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28 Oct

Ward Stars HCA Skills

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1. Practice Context

Here are some examples of the practice context, or the occasions during the shift, where you are likely to be using the following (impressive!) list of skills and qualities:

  • Admissions
  • One-to-ones with patients
  • Care and treatment planning
  • Helping patients to develop their self-managing skills
  • Activity programme
  • Observations and engagement
  • Escorting patients (home, appointments etc)
  • Ward rounds and reviews
  • Attending to visitors
  • Housing, finances and employment
  • Meal times
  • Community meetings
  • Medication dispensing
  • Examinations and assessments
  • Physical observations
  • Patient moving and handling
  • Making and receiving phone calls
  • Liaising with external and internal professionals
  • Community groups and services
  • Incidents
  • Handovers
  • Projects and research

2. Personal qualities

a. Enabling patients

  • Ability to risk-assess, and to take ‘positive risks’
  • Skilled in relational security, including using trust to de-escalate tension and aggression
  • Advocacy knowledge and skills
  • Ability to foster hope
  • Appreciation of importance of faith and spirituality to patients
  • Ability to motivate others
  • Appreciative of cultural differences
  • Approachable
  • Supportive
  • Observant
  • Welcoming
  • Considerate
  • Courteous
  • Curiosity
  • Calm
  • Ability to think quickly and carefully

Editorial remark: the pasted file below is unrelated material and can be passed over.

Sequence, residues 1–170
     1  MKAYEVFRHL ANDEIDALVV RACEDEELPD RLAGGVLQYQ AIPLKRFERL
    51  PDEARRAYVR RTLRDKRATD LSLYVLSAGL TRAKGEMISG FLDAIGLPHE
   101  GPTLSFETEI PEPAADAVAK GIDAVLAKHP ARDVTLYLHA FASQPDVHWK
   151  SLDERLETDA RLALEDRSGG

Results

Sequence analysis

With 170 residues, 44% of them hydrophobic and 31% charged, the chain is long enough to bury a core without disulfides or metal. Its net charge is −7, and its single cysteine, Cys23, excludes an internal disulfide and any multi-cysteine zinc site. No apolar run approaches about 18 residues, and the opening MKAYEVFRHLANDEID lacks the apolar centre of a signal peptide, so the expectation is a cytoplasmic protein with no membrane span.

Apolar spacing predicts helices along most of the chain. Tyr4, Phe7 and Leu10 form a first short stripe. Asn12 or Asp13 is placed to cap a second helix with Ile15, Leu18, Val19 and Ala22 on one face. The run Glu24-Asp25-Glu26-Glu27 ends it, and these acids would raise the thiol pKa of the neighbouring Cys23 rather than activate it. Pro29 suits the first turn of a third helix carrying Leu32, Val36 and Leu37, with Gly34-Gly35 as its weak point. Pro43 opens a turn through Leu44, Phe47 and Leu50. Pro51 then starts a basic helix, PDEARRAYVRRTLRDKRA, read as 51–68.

• Optimistic
  • Sense of humour
  • Perseverance
  • Enthusiasm
  • Ability to keep things in perspective
  • Ethical
  • Diplomatic
  • Coaching skills
  • Trusting and trustworthy
  • Reliable
  • Consistent
  • Dependable
  • Non-judgemental openness to different lifestyles
  • Appropriately but not excessively boundaried
  • Collaborative
  • Ability to promote patient autonomy
  • Ability to co-produce with patients
  • Being a positive role-model
  • Likeable
  • Welcoming

b. Communication

  • Listening skills
  • Using open and closed questions
  • Comfortable with silence
  • Adaptive communication
  • Structuring conversations
  • Creative conversing
  • Using visual aids and symbols
  • Imparting information
  • Body language
  • Asking for clarification
  • Conversation openers / starters
  • Mentalising (being ‘mind-aware’)
  • Laid-back social conversations
  • Ability to chat about popular culture (TV, films etc)
  • Very basic (eg 5 – 10 word) vocabulary in relevant community languages
  • Focus
  • Ability to see things from different perspectives
  • Psychological contact

c. Relationships with others

  • Child-friendly
  • Animal-friendly
  • Appreciative of volunteers
  • Caring for carers
  • Hospitality & kindness to visitors
  • Role-modelling
  • Good relations with external agencies
  • Nurturing ward community
  • Provide soothing psychological containment
  • Effective working with MDT and non-clinical colleagues

d. Emotional intelligence

  • Self-awareness
  • Coping strategies
  • Resilient
  • Breaking bad news sensitively
  • Responding to personal or sexualised questions and comments
  • Knowing own limitations
  • Helping to safely release patients’ tension
  • Sensing the feelings under the words

e. Other personal qualities

  • Innovative
  • Motivated
  • Ability to express appreciation of others
  • Assertive
  • Willingness to adapt to constantly changing situations
  • Thoughtful, reflective
  • Ability to compromise constructively
  • Stable
  • Insightful
  • Ability to set and achieve goals
  • Objective
  • Ability to prioritise effectively

f. Integrity

  • Courage
  • Knowing when to be extra sensitive
  • Respect
  • Commitment
  • Apologising